Nick said - This explains the spam mails lately...
WASHINGTON (AP) - The number of mortgage fraud cases investigated by the FBI almost doubled the past three years, reflecting a problem that is 'pervasive and growing,' the bureau said Wednesday in its annual report on financial crimes.
The bureau said its mortgage fraud cases increased from 436 in 2003 to 818 in 2006, and acknowledged that its case load likely represents a small piece of the problem.
The FBI said mortgage fraud is difficult to track for a variety of reasons. For starters, the industry is not required to report fraud. Moreover, the sale of mortgage loans on secondary markets can 'conceal or distort the fraud,' thereby reducing the number of cases reported.
'The true level of mortgage fraud is largely unknown,' the agency's report said.
The bureau said fighting mortgage fraud is a priority due to the impact of mortgage lending and housing on the broader economy.
Recently, shares of companies that lend to subprime borrowers -- people with blemished credit histories -- have been battered as delinquencies and foreclosures increase in the subprime mortgage market. Britain's HSBC Holdings PLC, the world's third-largest bank, said earlier this week that its bad-debt charges increasd 36 percent in 2006.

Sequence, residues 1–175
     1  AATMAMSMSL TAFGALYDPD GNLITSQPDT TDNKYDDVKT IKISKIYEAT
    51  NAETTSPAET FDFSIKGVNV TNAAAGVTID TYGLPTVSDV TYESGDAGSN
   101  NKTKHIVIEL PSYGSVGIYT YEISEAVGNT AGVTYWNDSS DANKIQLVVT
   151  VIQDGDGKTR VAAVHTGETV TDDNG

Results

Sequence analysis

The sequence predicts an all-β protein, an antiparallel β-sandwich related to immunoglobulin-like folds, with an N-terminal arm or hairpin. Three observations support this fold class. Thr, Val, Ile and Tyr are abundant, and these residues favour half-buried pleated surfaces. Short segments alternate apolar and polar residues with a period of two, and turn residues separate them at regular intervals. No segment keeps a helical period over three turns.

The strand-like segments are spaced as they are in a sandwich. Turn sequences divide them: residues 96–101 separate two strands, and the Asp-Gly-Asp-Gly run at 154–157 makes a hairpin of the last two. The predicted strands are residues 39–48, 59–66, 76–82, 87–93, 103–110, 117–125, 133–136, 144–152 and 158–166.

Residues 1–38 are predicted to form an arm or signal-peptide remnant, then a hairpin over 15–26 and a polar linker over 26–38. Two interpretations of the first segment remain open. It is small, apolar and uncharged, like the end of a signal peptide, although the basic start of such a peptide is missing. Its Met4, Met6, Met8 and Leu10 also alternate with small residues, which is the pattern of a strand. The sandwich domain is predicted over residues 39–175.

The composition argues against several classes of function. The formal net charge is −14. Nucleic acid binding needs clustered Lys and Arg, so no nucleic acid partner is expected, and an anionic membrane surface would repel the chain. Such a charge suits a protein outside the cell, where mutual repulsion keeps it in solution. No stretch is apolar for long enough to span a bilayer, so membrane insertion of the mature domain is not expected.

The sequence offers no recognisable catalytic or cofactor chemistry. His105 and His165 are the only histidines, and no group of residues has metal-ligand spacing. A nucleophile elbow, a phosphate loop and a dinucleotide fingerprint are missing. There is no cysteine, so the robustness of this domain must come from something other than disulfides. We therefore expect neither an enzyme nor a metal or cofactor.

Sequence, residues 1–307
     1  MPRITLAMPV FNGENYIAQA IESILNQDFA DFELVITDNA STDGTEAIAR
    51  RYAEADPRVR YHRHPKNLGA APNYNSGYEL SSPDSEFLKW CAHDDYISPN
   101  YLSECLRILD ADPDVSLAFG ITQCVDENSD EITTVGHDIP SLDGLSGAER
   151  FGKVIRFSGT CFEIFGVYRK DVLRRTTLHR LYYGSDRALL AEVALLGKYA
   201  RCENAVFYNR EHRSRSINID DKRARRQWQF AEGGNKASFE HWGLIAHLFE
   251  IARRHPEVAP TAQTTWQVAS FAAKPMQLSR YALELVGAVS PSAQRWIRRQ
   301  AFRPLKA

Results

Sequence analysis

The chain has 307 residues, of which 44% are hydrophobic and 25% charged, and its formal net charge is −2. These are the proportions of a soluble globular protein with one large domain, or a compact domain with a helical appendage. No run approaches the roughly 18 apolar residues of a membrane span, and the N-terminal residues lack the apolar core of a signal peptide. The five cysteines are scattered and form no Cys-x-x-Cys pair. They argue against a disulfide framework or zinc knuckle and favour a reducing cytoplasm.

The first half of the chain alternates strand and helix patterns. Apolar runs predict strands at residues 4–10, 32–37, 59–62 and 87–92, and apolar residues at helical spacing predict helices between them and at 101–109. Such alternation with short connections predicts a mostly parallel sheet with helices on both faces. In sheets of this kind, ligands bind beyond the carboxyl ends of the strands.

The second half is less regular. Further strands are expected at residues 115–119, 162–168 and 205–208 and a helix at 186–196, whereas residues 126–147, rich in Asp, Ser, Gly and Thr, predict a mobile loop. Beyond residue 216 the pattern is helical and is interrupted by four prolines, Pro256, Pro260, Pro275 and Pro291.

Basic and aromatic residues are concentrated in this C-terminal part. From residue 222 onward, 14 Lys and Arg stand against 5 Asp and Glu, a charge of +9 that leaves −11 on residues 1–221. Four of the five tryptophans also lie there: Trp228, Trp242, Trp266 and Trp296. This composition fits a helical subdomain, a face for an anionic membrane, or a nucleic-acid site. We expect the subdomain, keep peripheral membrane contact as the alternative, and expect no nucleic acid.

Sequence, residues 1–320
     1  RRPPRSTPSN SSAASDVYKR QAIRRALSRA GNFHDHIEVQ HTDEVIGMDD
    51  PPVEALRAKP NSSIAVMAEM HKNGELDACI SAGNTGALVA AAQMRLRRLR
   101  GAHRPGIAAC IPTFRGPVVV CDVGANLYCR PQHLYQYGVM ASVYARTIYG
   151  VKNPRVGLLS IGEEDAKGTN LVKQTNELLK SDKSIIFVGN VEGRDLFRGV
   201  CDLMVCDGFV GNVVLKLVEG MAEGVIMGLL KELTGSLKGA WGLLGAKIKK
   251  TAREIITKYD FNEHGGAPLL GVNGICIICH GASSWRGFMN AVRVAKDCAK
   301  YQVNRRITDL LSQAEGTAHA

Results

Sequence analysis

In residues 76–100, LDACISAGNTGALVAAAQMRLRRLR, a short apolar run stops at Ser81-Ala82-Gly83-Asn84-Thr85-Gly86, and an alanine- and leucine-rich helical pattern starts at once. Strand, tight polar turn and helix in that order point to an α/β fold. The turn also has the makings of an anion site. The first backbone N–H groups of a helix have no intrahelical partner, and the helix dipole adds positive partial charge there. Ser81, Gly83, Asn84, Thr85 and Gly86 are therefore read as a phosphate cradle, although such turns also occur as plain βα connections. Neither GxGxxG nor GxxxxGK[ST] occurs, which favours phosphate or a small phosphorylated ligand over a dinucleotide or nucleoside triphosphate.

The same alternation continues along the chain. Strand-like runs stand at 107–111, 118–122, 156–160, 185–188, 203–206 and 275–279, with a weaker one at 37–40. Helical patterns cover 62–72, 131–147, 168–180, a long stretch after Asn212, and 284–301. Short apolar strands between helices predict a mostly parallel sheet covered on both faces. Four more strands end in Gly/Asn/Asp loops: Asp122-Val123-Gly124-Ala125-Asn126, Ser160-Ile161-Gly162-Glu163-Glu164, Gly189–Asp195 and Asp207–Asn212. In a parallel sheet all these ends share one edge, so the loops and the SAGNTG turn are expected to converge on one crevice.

The bureau's report said mortgage fraud comes in two broad varieties: 'fraud for profit,' which is largely committed by industry insiders and involves practices such as falsely inflating property values, and 'fraud for housing,' which is committed by borrowers and involves actions such as acquiring a house under false pretenses.
The bureau said it is cooperating with trade associations representing mortgage bankers and the government-sponsored companies that purchase mortgages, Fannie Mae and Freddie Mac, to raise awareness of mortgage fraud.